What is mitigation banking?
“Mitigation banking is a system of credits and debits devised to ensure that ecological loss, especially loss to wetlands and streams resulting from various development works, is compensated by the preservation and restoration of wetlands, natural habitats, and streams in other areas so that there is no net loss to the environment.
According to the Ecological Restoration Business Association (ERBA), “mitigation banks are highly regulated enterprises that have historically been proven to deliver the highest quality, most reliable offset to environmental impacts…and a private investment into ‘green infrastructure’ to help offset the impacts associated with economic growth.”
(Definition from Investopedia)
What are conservation banks?
“Conservation banks are permanently protected lands that contain natural resource values. These lands are conserved and permanently managed for species that are endangered, threatened, candidates for listing as endangered or threatened, or are otherwise species-at-risk.
Conservation banks function to offset adverse impacts to these species that occurred elsewhere, sometimes referred to as off-site mitigation. In exchange for permanently protecting the land and managing it for these species, the U.S. Fish and Wildlife Service (FWS) approves a specified number of habitat or species credits that bank owners may sell.”
(Definition from the U.S Fish and Wildlife Service)
What is species banking?
Creating land that can serve as habitat for a valuable species, and selling the credits associated with the creation of this land. Depending on the species, such land can fetch a very high price. For example, if an organization were to create land that could serve as habitat for Florida panthers (which are endangered) the credits associated with this land could likely be sold for a significantly higher price than the credits associated with the creation of land that didn’t serve as critical of an ecological function.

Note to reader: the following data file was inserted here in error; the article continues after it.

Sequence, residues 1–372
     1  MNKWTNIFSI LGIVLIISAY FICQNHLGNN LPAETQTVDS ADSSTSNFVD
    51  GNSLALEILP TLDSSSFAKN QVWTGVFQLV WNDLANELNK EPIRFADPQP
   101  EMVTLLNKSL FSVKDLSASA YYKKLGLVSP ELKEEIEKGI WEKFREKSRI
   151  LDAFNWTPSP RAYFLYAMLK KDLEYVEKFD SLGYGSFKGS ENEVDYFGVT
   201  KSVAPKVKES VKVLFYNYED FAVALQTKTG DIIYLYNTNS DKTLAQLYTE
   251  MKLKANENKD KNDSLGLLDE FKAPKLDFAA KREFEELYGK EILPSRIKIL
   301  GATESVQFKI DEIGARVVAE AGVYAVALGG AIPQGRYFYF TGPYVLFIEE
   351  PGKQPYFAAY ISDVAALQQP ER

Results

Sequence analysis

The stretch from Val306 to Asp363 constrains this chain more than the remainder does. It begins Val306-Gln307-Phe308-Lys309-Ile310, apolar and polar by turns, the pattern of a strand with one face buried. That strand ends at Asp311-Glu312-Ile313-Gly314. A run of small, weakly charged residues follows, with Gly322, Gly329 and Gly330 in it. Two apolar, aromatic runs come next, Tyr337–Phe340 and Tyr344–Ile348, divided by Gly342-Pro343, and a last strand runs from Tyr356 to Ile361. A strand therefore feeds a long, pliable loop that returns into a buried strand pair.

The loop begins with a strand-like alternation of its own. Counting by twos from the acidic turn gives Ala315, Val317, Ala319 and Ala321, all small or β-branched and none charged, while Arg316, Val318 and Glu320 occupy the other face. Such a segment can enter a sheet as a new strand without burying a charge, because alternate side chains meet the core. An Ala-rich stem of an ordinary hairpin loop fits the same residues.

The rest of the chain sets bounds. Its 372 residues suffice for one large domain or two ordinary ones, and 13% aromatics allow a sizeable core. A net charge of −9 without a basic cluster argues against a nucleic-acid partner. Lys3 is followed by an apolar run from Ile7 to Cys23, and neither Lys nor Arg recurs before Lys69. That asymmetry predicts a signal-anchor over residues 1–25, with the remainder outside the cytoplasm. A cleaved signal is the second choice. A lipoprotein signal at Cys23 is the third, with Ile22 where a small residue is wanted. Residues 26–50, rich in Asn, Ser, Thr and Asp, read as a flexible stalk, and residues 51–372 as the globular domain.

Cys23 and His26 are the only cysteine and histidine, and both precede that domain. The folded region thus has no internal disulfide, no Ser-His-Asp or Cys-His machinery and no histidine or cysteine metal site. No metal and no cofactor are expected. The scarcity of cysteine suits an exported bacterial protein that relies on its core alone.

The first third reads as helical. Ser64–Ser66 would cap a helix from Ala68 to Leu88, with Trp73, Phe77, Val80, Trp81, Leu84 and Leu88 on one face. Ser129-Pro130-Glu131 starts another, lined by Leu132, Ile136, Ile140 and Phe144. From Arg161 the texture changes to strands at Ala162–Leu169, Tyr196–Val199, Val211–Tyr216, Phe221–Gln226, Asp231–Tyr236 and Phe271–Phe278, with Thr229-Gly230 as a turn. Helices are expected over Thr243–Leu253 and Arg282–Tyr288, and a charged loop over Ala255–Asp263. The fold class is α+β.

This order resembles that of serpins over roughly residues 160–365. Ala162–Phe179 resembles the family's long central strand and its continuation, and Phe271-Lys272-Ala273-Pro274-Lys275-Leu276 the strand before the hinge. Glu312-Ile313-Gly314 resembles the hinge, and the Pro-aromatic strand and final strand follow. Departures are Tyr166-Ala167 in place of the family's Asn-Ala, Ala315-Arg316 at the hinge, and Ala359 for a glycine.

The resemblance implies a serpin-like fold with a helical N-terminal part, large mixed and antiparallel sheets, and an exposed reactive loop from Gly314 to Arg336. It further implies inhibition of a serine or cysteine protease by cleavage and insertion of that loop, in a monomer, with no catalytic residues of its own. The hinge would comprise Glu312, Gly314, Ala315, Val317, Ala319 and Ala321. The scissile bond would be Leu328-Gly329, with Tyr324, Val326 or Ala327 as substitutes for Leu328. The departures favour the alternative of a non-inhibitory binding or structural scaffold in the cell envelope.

What is the size of the U.S mitigation bank market?
It is estimated to be 10 billion dollars.
Which states have the largest mitigation credit markets?
California has the most conservation banks of any kind. Florida has the most wetland conservation banks.
How long does it take to generate mitigation credits?
It takes approximately 2 to 3 years to secure permits, 1 year to do the work on the land required to turn it into an approved conservation bank, and usually between 3 to 5 years for the credits to be released (but can take up to 10 years).
There are certain exceptions and caveats:
- If the credits are reliant on trees, the credits are generally released based on said trees’ growth rates.
- Habitat credits may require up to five years.
- Banks are generally thought of as having a 10 year supply of credit sales.
- In general, there is a 2 year capital deployment process and a 10 year return process.
Can credits be stacked? I.e, could you make a piece of land that served as both panther habitat and habitat for another endangered species, and get paid the price of panther credits plus the price of credits associated with the creation of habitat for the other endangered species?
Yes and no. You could not sum the total value of panther credits with the total sum of credits for the other endangered species, but you could get paid a higher overall price for protecting land that could serve as habitat for both.
- Government payments to an organization for protecting an acre of panther habitat: $1,000 per acre
- Government payments to an organization for protecting an acre of wood stork habitat: $700 per acre.
Can credits be permitted before purchasing the land whose restoration would lead to their generation?